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  1. I'm putting this question out there, partly as a reminder to myself, hopefully as a help to others who are struggling... I am in such physical and emotional pain these past few weeks. It is getting unbearable. My wife and I are trying to stick to the commitment not to go back on the meds. But boy, do I think I want to at times. Especially right now. So I'm here to remind myself why I stopped the psych-drug merry-go-round. I hope it helps you too. And I would love to hear your "why" story. It will be encouraging to all of us, I think. Anyway, I went off of the meds because I didn't like who I was as a person, and more and more I got the feeling that the meds were a big part of the reason. I was an angry person all of the time. And selfish. I would give in to rage - even in the most inappropriate situations to do so (like my daughter's 7th birthday party, for instance). I treated my wife horribly. I would go off the rails, feel like killing myself, and take handfuls of the meds at once (wow - I never admitted that ever before). I would fantasize about hanging myself (even though I would never have the guts to do so). And as these things were happening - especially over my last year before going off the meds - there were more and more times where there was a part of me inside of my mind saying "stop it, stop that crazy person" - as if the real me was trapped inside of this raging body that had been taken over by another mind. I had to find out who God created me to be. I even needed to find out what a real relationship with God was like. Turns out that He created me as a pretty nice guy. I'm loving and caring and helpful now (well, as helpful as I can be given the immense physical pain the withdrawal has caused me, and the anxiety that keeps me from running errands some of the time). I was even more engaged in activities during the window as I tapered (completely incorrectly and too fast) and for the first 3 months after I was drug free. And that is part of the problem. I can remember a time during the taper, towards the end, when I was in a "sweet" spot - where there was no withdrawal syndrome, and 90% of the time I was a great guy. I keep fantasizing about going back to that "sweet" spot. But I don't think going back on the drugs after being off for over 4 months would really work - and it could cause actual harm (I fear, for instance, the suicide bug that bites some people during the early days of psycho-med use). Or, it could just cause me to go back down the rabbit-hole of using the psych-meds - and that will bring back evil me. So I'm writing this to remind myself why I quite the psych-go-round. I hope it helps remind some of you too. SJ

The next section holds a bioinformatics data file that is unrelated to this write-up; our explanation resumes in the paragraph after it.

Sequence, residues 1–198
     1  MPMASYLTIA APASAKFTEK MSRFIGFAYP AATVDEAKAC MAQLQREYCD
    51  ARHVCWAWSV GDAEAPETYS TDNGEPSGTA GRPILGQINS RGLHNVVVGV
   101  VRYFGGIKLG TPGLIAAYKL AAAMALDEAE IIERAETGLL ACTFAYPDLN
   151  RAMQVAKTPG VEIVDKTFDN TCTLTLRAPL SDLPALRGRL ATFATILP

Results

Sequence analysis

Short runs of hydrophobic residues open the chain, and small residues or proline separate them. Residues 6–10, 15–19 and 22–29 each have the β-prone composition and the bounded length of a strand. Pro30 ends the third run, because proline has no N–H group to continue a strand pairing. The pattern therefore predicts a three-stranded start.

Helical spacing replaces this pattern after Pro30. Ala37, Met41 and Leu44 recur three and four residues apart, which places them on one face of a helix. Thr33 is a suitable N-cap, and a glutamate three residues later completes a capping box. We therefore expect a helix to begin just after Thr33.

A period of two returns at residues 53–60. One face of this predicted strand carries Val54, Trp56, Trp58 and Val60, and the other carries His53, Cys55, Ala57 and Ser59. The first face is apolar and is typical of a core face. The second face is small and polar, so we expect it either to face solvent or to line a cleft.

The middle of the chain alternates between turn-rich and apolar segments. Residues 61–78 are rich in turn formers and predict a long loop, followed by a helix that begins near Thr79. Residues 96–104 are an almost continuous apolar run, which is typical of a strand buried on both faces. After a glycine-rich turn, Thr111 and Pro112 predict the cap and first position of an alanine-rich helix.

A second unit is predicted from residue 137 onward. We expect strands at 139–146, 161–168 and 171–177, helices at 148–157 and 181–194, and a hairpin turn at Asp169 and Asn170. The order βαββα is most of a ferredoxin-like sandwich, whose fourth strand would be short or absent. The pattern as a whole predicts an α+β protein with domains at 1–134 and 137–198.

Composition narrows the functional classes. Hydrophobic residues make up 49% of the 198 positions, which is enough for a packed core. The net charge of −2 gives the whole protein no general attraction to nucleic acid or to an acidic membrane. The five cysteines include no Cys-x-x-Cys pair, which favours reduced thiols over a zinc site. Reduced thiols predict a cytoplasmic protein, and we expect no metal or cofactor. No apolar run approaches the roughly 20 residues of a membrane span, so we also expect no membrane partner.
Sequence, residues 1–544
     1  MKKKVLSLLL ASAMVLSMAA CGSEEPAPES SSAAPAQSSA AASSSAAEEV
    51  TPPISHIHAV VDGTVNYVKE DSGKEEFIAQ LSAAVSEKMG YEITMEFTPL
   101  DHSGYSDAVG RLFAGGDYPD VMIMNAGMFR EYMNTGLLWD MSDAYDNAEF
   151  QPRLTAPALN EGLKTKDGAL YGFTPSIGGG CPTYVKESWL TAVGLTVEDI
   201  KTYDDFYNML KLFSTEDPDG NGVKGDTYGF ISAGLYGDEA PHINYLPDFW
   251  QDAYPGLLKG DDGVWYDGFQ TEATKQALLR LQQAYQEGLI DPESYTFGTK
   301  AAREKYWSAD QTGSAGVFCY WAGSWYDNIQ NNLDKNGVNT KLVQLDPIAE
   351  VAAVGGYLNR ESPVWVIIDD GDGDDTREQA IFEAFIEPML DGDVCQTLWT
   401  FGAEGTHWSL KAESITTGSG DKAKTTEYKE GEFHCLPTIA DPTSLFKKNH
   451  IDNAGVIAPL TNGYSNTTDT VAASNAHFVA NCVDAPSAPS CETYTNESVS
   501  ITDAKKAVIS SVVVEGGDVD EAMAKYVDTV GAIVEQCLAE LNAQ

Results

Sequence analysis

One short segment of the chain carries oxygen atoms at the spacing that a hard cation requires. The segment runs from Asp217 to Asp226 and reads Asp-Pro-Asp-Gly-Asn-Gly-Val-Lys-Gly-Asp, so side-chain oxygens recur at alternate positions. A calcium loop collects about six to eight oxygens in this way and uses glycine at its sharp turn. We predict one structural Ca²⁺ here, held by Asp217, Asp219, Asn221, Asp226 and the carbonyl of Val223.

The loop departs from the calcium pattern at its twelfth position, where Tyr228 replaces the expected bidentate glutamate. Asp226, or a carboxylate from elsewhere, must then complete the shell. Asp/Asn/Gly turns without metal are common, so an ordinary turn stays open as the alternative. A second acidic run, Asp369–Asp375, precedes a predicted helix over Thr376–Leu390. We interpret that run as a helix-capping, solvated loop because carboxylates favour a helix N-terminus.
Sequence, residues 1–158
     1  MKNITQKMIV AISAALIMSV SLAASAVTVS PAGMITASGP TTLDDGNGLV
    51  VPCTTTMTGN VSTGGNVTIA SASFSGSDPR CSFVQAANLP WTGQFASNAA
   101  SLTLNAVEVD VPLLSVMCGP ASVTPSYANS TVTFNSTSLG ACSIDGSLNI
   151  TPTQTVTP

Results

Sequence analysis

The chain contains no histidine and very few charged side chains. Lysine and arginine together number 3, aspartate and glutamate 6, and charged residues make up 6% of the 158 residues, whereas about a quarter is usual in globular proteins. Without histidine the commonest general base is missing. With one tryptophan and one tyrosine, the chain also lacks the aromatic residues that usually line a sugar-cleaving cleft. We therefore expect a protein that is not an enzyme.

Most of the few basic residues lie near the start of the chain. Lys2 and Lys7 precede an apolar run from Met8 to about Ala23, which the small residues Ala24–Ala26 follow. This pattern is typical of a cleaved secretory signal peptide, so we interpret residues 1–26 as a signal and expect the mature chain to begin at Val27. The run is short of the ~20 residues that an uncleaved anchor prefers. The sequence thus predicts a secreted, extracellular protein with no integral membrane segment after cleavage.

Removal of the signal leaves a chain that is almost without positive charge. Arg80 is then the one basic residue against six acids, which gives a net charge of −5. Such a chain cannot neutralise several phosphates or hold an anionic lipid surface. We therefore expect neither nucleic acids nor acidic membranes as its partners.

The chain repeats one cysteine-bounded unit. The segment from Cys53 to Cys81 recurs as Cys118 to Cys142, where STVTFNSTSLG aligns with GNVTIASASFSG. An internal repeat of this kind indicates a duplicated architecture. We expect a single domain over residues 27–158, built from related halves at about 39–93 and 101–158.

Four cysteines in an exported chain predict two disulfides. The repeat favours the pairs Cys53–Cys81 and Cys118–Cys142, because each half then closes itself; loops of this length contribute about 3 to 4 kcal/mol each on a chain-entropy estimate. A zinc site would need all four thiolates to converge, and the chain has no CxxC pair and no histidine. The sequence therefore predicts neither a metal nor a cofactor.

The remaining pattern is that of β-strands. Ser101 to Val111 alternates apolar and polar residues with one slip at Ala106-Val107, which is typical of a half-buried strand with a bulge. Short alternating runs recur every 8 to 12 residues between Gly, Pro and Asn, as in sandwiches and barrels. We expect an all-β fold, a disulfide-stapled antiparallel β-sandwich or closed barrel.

2. I just watched this video of an interview with Philip Jacobs. I found some of his ideas helpful for understanding illness as part of a larger, more positive picture, he writes: 'I had always previously thought that it was possible to change my attitude to any situation. With the illness, I realized that there was a stage where you couldn't. You could have a good attitude either side of the experience, but not while you were in it. This was when the illness was deep in the brain, there was no way out until it passed and you just had to allow the experience to be what it was and if it was darkness then it was just darkness.' I was having to assimilate the idea of illness and suffering as a gift - what looked like suffering on the physical and psychological levels could often have a transforming effect on the deeper spiritual levels, that may not be apparent to the casual observer.'